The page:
Unemployment – The rate of unemployed in India stands at 11%. Majority of the country’s workforce is in the informal sector (93%) which means majority of the employed work either as farm workers or in the urban formal sector (in factories and services industry). Although agriculture contributes only 17% to the country’s economy, it employs more than 60% of the total workforce (Upadhyay & Roy, 2017). This is a clear indication that most of the country’s workforce is consisted of low-paying, inconsistent jobs. Most of these jobs are not covered by the country’s labor laws meaning most of the employees work at the mercy of their employers. The rate of unemployment in India is caused by the structural factors like inadequate capital, utilization of capital intensive technologies, lack of access to land and agricultural household, inadequate infrastructure and a rapid growth in population which results to a large annual increment in labor force on yearly basis (Kaur, Harmandeep , Ohrisaab, & Paminder, 2018). Increased rate of unemployment in India has been associated with depression, low self-esteem anxiety and other related psychological issues, more so if a person wants a job but he or she is not able to secure employment. Tension is probably going to occur and this will cause stress and strain on the body. There are a lot of economic issues especially during the session of unemployment. The level of income is low and this leads to poverty (Schmid, Manwinder, Sandeep , & Shivans, 2016).  

Inflation rate – Inflation stands at 6.69% and at an average of 4.43 for the last five years. This rate is above the India’s central bank’s target of 2-6%.  Prices of consumer items such as foodstuffs (processed and fresh), fuel and light, clothing and footwear, transport and education have increased at a range of between 2.77% to 14.44% (Singh, Verma, Oshima, Dhruvi, & Anu, 2017). This increase has been necessitated by the recent outbreak of Covid-19 which has affected production and provision of goods and services. The uncertainty created by the pandemic has also affected the services industry which is the country’s largest economic contributor hence further increasing the inflation (Mehra, Ginder, & Shinsuke, 2017).   

Balance of trade – With a trade deficit of 6,770,000,000 dollars 9auust 2020), India’s economy has largely been operating at a trade deficit (more imports than exports). The country’s exports reduced to 12.7% due to the Covid-19 effects as imports declining even sharper at 26%. The trade gap has been narrowing in recent years but at a slow pace owing to the fact that the country’s main market for its goods is its domestic population (Kaur, Harmandeep , Ohrisaab, & Paminder, 2018).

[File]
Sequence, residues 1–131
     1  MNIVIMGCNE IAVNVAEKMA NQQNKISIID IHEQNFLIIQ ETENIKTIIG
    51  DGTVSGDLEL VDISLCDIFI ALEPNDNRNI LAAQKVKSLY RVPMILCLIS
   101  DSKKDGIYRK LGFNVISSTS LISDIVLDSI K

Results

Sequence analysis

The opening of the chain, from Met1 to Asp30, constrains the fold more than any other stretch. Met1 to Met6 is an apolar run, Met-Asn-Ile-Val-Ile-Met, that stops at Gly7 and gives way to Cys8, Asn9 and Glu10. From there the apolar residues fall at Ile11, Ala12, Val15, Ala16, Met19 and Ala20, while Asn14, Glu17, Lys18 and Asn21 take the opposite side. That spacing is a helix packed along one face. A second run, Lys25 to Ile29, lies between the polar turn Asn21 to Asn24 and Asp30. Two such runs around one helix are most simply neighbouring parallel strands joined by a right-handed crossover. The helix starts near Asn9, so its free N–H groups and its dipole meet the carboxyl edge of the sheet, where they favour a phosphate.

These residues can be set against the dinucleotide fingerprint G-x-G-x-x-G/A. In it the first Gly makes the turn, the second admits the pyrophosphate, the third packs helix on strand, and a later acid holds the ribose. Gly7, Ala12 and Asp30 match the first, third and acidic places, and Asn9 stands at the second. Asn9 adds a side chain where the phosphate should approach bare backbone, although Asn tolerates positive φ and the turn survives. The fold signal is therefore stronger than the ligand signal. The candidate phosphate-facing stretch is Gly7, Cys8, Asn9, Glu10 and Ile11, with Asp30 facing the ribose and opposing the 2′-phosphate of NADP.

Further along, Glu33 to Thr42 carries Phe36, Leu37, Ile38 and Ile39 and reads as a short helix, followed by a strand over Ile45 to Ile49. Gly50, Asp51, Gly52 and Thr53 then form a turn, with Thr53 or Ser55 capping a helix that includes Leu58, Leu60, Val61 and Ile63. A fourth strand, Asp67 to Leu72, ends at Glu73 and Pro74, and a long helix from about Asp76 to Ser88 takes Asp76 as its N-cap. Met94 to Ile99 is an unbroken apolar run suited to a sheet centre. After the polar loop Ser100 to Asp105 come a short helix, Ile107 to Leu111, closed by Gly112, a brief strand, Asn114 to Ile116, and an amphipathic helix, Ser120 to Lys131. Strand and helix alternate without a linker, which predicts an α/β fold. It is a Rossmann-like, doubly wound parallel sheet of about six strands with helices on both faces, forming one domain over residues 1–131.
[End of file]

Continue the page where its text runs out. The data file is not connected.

Variation of macro-economic factors 2018-2020

  • Unemployment rate in India averaged 9.21% between 2018-2020. It was at its lowest in November 2018 at 6.7% and highest in April 2020 at 23.5%. during this period, it was mostly holding steady with only slight changes, only to sharply increase at the onset of Covid-19 pandemic (Hill, Taylor, & Mathew , 2019).
  • The inflation rate between 2018-2020 averaged at 6.76% with the lowest inflation been experienced in 2020 at 4.86%. Again, the figure spiked in 2020 due to the Covid-19 crisis (Mehra, Ginder, & Shinsuke, 2017).     
  • The country’s balance of trade has averaged at negative 2,742,000,000dollars but briefly moved to positive figures (790million) in June 2020. The deficit comes because the country’s economy depends most on domestic market (hence less exports) and majority of its GDP comes from services sector (Mehra, Ginder, & Shinsuke, 2017).


India is a fast-growing economy, having leapfrogged economic giants like UK and France to occupy the number 5 of the world’s biggest economies. The fast growth is buoyed by a large domestic market, reliance on a services industry and a large workforce. By contrast, the country has one of the biggest economically unequal populations in the world with majority of its wealth (77%) concentrated to 10% of the population. The country needs to regulate and formalize its workforce as well as create more opportunities for its poorest population in order to bridge the inequality gap.        


Hill, P., Taylor, J., & Mathew , J. (2019). The poor quality of official socio-economic statistics relating to the rural tropical world: with special reference to south India. Modern Asian Studies, 18(3), 491-514.

Kaur, K., Harmandeep , S., Ohrisaab, S., & Paminder, S. (2018). An Empirical Study of Inflation, Unemployment, Exchange Rate and Growth in India. Asian Journal of Multidisciplinary Studies, 2(10), 20.

Mehra, G., Ginder, M., & Shinsuke, N. (2017). Unemployment: Stumbling block to economic growth. IMPACT. International Journal of Research in Humanities, Arts and Literature, 6(1), 71-78.

Mitra, A., Singh, J., & Singh, J. (2016). Structural change in employment and unemployment in India. In Sustainable Development Goals, 16(8), 129-138.

Mitra, A., Singh, J., Mnapreet, S., Iqbal, S., & Harryarsh, S. (2017). Structural change in employment and unemployment in India. In Sustainable Development Goals, 23(5), 129-138.

Schmid, G., Manwinder, K., Sandeep , S., & Shivans, G. (2016). Youth unemployment in India: From a European and transitional labour market point of view. Unemployment, 67(7), 132-156.

Shukla, R. (2017). India science report: Science education, human resources and public attitude towards science and technology. East Asian Bureau of Economic Research, 78(34), 231-354.

Singh, S., Verma, S., Oshima, K., Dhruvi, S., & Anu, S. (2017). The Cause of Unemployment in Current Market Scenario. Vivechan International Journal of Research, 7(3), 177-189.

Srinivasan, N. (2016). India’s statistical system: critiquing the report of the National Statistical Commission. Economic and Political Weekly, 67(5), 303-306.

Upadhyay, P., & Roy, G. (2017). Impact of exchange rate movement and macro-economic factors on exports of software and services from India. Benchmarking: An International Journal, 76(43), 145-167.